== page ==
THE AMBER SNAILS FAMILY SUCCINEIDAE. Shell oblique, spiral, thin, transparent, of few coils. A family containing several genera of slug-like mollusks.
Genus SUCCINEA, Drap.
Shell oval, fragile, glassy, spire short, whorls few. Animal large, barely covered by shell; foot broad; tentacles short, thick, lower pair dwarfed.
Large genus of two hundred species, distribution universal. Terrestrial, but living in damp places near margins of streams.
The Oblique Amber Snail (S. obliqua, Say) is greenish yellow or amber-hued, fragile, rosy at apex; the enlarged body whorl forms nine-tenths of the shell. The rounded whorls are drawn in by a deep suture. The body is somewhat longer than the shell. Though this mollusk wanders sometimes on hillsides away from streams, doubtless it finds the needed moisture, even in the dryer situations. Length, to I inch. Mississippi Valley.
The Oval Amber Snail (S. ovalis, Gld.) has its outer lip drawn out until the shell is shaped like a sugar scoop, revealing the interior of the small spire. It is not easy to detect these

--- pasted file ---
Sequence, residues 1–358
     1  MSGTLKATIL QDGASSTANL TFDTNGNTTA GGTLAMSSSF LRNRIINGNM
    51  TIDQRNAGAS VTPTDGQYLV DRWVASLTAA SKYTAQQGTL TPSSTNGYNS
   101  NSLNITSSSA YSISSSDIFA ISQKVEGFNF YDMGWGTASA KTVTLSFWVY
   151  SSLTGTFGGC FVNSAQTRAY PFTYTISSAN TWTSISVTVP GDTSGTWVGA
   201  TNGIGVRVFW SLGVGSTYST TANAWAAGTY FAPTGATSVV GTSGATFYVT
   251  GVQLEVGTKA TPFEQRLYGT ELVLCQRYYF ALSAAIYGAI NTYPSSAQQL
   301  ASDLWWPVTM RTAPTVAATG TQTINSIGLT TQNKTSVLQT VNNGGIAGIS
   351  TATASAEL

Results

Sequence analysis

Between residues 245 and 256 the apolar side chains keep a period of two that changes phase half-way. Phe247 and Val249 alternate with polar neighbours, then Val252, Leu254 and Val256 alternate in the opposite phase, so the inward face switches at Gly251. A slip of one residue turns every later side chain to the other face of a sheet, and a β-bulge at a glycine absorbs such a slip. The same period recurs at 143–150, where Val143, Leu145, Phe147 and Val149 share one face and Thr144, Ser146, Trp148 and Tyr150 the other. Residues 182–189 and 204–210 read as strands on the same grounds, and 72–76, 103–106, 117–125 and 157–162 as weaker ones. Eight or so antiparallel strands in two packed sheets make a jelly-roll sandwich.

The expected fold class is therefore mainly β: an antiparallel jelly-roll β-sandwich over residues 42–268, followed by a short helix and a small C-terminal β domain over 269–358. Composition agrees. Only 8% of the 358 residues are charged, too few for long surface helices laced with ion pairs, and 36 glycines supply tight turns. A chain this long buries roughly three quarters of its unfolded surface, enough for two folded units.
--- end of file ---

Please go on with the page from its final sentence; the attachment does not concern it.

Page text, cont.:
little snails as they glide over the stems of aquatic plants, or ride on pieces of floating wood. The body and shell both have a translucent horn colour. The oval eggs, laid in June, in clear masses at the roots of aquatic plants, number about twenty. Length, 4 inch. Canada and Northeastern States.
The Rustic Amber Snail (S. rustica, Gld.), with a greenish, horn-coloured, rough, lustreless shell, is fragile like the rest. Length, inch. Oregon, California and Nevada.